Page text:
Today’s post reviews the damage caused outside the person by the sinner. First, a review of the notion that sin disrupts our relationship with God:
5. Since every sin is an offense against God that disrupts our friendship with him, “the ultimate purpose of penance is that we should love God deeply and commit ourselves completely to him.” [Paul VI, Ap. Const. Paenitemini, 17 Feb, 1966: AAS 58 (1966) 179. See also Lumen Gentium 11. ]
A reminder of the trinitarian nature of the process of penance:
Therefore, the sinner who by the grace of a merciful God embraces the way of penance comes back to the Father who “first loved us” (1 Jn 4:19), to Christ who gave himself up for us, [See Gal 2:20; Eph 5:25.] and to the Holy Spirit who has been poured out on us abundantly. [See Ti 3:6.]
And a reminder of the communal aspect of individual sin:
“The hidden and gracious mystery of God unites us all through a supernatural bond: on this basis one person’s sin harms the rest even as one person’s goodness enriches them .” [Paul VI, Ap. Const. Indulgentiarum doctrina, I Jan. 1967, no. 4. See also Pius XII, Encycl. Mystici Corporis, 29 June 1943: AAS 35 (1943) 213.] Penance always therefore entails reconciliation with our brothers and sisters who remain harmed by our sins.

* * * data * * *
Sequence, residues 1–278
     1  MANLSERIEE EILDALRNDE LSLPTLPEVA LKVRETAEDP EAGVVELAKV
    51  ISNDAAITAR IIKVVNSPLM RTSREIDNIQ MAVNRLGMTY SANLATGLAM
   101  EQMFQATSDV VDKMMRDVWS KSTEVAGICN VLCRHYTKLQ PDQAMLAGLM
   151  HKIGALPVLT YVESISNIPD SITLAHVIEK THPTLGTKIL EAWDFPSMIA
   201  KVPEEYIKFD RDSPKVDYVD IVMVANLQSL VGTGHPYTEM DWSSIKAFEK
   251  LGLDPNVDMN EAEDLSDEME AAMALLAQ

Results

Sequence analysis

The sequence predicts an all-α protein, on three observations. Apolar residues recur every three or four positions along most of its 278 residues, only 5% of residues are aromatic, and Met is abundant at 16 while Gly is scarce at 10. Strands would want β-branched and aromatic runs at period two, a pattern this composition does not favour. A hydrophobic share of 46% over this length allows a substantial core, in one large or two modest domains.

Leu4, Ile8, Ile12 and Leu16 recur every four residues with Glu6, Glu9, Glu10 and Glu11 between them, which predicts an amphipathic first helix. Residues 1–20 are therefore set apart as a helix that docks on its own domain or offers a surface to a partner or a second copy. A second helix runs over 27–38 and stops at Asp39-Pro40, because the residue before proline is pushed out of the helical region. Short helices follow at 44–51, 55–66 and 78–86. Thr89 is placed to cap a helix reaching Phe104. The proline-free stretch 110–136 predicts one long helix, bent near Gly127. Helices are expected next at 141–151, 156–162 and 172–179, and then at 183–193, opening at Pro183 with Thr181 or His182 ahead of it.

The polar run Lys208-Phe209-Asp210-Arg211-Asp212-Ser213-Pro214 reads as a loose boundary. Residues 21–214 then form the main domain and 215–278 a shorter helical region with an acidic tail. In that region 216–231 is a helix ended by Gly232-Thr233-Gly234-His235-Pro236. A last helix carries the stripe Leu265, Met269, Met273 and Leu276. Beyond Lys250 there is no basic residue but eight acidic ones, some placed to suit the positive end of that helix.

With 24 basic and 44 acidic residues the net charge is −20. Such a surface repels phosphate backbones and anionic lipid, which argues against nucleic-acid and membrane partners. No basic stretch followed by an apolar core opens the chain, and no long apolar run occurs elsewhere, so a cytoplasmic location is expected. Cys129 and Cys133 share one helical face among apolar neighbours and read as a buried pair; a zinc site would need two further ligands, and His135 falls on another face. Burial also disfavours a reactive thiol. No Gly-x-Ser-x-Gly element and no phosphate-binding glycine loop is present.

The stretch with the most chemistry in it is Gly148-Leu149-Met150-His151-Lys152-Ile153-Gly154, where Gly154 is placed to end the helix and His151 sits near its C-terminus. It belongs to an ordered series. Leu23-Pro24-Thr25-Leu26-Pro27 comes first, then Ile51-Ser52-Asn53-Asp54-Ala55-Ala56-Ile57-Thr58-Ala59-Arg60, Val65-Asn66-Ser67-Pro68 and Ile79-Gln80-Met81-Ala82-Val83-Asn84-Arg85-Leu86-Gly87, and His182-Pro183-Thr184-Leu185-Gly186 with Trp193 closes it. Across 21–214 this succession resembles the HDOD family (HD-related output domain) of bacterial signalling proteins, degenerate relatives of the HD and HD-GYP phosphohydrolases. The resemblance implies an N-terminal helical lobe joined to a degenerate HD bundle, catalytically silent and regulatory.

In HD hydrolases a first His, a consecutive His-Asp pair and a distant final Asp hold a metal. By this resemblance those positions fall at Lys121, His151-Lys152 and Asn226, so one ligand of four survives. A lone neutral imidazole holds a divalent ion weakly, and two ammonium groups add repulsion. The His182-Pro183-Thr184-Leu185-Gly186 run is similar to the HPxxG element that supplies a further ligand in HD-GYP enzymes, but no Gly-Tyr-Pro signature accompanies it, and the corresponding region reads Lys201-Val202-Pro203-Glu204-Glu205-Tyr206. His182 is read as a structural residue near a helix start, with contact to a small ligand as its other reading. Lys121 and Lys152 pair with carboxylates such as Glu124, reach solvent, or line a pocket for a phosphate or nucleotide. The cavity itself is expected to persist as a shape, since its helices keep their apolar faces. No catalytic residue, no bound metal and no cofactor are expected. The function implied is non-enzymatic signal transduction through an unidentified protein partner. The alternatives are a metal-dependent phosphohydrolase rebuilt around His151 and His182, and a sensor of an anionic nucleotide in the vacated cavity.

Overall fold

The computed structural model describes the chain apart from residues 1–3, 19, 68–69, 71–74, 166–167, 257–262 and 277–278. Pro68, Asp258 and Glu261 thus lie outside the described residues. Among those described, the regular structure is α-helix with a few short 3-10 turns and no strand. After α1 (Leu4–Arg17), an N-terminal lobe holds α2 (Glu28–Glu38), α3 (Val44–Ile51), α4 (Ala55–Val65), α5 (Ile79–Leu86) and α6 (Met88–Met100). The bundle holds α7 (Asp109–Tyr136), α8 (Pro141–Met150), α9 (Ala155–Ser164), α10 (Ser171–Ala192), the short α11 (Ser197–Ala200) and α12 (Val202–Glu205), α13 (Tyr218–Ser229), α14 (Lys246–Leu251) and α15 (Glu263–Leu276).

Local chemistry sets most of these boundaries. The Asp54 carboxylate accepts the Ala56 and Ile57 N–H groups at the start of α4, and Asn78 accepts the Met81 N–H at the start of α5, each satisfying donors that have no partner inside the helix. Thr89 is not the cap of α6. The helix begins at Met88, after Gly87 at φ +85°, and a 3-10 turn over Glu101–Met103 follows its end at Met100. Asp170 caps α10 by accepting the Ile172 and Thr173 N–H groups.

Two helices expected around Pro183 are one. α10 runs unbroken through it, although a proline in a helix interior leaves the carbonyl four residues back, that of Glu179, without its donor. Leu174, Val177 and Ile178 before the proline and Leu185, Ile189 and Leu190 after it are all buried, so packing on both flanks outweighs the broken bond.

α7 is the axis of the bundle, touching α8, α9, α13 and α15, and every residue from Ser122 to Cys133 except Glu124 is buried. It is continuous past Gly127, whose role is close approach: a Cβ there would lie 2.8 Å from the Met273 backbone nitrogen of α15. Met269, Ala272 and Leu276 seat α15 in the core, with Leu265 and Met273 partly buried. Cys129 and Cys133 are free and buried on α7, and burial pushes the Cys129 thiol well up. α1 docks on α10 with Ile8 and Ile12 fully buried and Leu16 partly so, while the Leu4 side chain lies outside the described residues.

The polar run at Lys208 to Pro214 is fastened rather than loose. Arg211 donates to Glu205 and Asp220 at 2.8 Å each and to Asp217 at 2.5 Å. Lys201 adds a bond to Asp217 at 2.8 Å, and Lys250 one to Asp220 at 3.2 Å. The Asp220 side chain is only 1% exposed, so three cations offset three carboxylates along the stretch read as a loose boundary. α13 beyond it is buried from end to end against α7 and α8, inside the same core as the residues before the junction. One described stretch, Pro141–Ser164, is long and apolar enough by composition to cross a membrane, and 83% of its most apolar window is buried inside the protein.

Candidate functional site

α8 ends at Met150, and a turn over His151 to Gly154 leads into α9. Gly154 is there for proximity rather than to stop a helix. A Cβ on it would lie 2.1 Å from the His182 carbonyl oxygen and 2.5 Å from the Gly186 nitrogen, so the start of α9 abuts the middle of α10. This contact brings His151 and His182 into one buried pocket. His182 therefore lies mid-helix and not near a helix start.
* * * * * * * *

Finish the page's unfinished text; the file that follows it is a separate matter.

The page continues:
And perhaps the best briefly-worded case for the importance of believers joining together to offer a mutual assistance in penance:
In fact, people frequently join together to commit injustice. But it is also true that they help each other in doing penance; freed from sin by the grace of Christ, they become, with all persons of good will, agents of justice and peace in the world.
I’d say this communal value, never very well defined or elucidated in the post-conciliar experience, is probably fading even more from the Catholic consciousness. Not a good thing, I’d say. In many parishes, the communal liturgies of reconciliation are more a pragmatic consideration: bringing the largest numbers of confessors and penitents together at the most mutually convenient time. But at least we have that. The pre-conciliar landscape was more bleak, and the divorce of sacrament from liturgy more stark.
About the designation of forgiven penitents as “agents of justice and peace,” what do you think of that?